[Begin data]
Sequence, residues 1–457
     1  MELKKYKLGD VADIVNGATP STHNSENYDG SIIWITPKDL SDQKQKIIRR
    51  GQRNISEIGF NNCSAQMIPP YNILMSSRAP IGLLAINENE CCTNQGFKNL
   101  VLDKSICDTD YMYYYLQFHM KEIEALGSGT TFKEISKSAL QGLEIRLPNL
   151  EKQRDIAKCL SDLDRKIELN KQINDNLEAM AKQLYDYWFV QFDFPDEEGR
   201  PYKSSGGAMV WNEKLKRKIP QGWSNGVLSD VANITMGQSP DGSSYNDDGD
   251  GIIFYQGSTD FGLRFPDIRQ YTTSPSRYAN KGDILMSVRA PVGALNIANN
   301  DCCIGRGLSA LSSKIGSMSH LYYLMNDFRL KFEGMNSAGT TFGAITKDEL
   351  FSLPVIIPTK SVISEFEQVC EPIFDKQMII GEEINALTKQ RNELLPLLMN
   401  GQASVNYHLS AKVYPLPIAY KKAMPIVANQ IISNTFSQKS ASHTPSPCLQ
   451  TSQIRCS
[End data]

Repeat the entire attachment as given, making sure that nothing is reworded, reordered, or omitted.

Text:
Sequence, residues 1–457
     1  MELKKYKLGD VADIVNGATP STHNSENYDG SIIWITPKDL SDQKQKIIRR
    51  GQRNISEIGF NNCSAQMIPP YNILMSSRAP IGLLAINENE CCTNQGFKNL
   101  VLDKSICDTD YMYYYLQFHM KEIEALGSGT TFKEISKSAL QGLEIRLPNL
   151  EKQRDIAKCL SDLDRKIELN KQINDNLEAM AKQLYDYWFV QFDFPDEEGR
   201  PYKSSGGAMV WNEKLKRKIP QGWSNGVLSD VANITMGQSP DGSSYNDDGD
   251  GIIFYQGSTD FGLRFPDIRQ YTTSPSRYAN KGDILMSVRA PVGALNIANN
   301  DCCIGRGLSA LSSKIGSMSH LYYLMNDFRL KFEGMNSAGT TFGAITKDEL
   351  FSLPVIIPTK SVISEFEQVC EPIFDKQMII GEEINALTKQ RNELLPLLMN
   401  GQASVNYHLS AKVYPLPIAY KKAMPIVANQ IISNTFSQKS ASHTPSPCLQ
   451  TSQIRCS